advice if you have a home thats a historical home.. make sure to register it… as such.. forver no one can touch it not even government.. only ting is you cant add too it or build just fix and keep the color…. also dont buy near stores or on streets with stores… this world sucks ass… the rich dont want us around but funny thing is we build their shit.. if you accept money and find out someones home was taken like this quite that job

  • Ivan Suarez

    I’m going through this now. Miami Florida palmetto expressway is expanding and taking 20 homes including mine.. :(. I will be paying higher property taxes when I get another home forever. That’s not fair. Just compensation Does not cover higher tax payments forever.

  • Don cordell

    Maybe is some of these politicians ended up DEAD, the rest of the elected traitors would think twice before screwing our citizens.

  • Michael Anderson

    Why do we never hear of eminent domain being used for low cost housing now the only way to get low cost housing is to share with someone else a single person has a hard time covering the cost the reason we have homeless people and it's only getting worse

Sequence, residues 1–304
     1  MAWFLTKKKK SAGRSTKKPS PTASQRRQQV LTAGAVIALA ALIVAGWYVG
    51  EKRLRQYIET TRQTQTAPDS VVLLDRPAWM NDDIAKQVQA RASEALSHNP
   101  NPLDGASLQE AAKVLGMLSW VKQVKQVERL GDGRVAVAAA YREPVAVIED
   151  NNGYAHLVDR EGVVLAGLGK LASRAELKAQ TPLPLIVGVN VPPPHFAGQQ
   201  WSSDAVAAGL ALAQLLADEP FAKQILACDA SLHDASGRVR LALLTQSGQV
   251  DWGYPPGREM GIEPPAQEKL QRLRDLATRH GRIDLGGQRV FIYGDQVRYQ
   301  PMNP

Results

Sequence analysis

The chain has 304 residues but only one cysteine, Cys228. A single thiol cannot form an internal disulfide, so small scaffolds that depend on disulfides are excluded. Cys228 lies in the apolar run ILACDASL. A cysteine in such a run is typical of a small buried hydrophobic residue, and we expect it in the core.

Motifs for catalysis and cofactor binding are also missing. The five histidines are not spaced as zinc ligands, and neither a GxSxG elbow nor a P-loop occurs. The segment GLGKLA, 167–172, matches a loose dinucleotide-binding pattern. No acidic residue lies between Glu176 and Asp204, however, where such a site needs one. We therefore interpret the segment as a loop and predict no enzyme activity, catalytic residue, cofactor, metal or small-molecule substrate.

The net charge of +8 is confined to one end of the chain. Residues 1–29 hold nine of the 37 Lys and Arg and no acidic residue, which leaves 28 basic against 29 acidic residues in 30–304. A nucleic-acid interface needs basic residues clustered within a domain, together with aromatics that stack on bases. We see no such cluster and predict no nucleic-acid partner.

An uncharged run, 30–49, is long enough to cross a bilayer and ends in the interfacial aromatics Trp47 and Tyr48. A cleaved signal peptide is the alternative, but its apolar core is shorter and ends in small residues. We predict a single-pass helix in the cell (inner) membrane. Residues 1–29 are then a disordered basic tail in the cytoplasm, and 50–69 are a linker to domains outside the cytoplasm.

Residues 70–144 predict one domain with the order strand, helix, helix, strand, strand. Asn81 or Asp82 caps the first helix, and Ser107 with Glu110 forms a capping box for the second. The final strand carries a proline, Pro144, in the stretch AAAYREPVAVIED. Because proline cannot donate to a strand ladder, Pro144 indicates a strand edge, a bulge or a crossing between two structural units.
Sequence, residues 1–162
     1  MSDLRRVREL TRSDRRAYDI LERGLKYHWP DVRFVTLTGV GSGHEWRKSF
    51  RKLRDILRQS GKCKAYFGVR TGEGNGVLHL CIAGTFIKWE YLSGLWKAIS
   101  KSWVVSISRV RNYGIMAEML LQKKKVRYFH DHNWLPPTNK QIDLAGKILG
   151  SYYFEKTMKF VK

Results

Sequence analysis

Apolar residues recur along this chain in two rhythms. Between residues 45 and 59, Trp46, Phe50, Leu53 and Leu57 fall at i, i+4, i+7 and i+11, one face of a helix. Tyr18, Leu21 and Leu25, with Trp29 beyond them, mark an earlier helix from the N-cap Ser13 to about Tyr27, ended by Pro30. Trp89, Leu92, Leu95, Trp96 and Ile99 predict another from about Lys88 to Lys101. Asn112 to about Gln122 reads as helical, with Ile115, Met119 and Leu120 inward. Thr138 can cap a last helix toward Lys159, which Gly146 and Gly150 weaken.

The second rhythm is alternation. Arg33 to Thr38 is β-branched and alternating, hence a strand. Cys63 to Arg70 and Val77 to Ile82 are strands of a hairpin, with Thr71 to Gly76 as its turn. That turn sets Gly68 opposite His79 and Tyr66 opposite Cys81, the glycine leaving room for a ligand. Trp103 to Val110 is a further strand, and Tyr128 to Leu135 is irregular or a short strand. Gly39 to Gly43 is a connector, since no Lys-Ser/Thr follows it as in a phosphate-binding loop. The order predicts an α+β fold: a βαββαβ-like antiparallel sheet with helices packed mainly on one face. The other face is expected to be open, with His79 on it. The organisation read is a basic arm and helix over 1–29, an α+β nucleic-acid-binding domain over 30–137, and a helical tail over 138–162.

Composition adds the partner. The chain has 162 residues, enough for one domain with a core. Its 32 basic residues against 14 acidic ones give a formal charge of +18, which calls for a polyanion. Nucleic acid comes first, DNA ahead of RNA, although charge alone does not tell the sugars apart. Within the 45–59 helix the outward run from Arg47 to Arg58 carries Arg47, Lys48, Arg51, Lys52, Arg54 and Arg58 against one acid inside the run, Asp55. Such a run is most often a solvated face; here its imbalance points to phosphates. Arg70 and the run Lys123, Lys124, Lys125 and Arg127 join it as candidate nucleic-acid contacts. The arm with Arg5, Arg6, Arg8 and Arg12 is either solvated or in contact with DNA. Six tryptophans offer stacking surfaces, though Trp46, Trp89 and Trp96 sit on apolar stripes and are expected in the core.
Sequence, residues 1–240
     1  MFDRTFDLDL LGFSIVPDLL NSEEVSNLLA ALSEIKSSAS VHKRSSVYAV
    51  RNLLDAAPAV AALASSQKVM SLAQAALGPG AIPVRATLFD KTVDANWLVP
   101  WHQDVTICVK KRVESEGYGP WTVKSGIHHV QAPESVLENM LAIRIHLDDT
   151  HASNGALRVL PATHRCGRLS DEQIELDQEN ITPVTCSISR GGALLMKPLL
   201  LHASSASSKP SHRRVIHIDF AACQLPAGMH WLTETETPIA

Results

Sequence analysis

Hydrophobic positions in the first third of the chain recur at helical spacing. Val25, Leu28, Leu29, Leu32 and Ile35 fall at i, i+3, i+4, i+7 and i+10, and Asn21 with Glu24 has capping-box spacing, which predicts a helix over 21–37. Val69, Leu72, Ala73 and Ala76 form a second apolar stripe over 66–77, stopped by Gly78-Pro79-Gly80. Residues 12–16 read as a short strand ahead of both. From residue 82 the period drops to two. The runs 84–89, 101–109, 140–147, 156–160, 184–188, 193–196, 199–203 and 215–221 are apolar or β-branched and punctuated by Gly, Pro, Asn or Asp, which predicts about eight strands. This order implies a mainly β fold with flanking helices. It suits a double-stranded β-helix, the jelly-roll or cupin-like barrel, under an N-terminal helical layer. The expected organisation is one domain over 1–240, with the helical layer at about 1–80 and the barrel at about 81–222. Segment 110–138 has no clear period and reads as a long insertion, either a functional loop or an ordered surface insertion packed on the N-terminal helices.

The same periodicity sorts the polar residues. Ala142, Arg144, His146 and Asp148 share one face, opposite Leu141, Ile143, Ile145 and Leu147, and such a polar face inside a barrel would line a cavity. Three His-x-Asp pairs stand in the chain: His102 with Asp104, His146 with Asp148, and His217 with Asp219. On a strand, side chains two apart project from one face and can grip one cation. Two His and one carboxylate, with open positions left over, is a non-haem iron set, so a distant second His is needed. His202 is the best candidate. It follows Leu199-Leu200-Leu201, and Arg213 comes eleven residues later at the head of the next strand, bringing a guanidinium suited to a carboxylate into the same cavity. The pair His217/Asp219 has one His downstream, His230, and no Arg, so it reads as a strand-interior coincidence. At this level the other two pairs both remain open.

• Weeki5

    Here's a principal, theoretical issue with eminent domain… Think about it… If "fair market value"–generally the measuring stick for fair compensation in eminent domain cases–was all anyone's property was worth to them, it would be for sale to get that value for it. However, the properties in the Kelo case and others weren't for sale. Thus, the property was worth MORE to them than fair market value. So truly fair compensation is never achieved by forcing people out and giving them fair market value for it. The proper method for such activities should be to ask the owner what it's worth to them to sell and pay them THAT. Then everybody gets what they want, not just the government entity and whoever subsequently benefits. And if the price is too high, then that's too damn bad. That would make things very challenging for municipalities to do things. But do you own your property or don't you? (Hint: You don't. You pay rent to "own" your home in the form of property taxes.)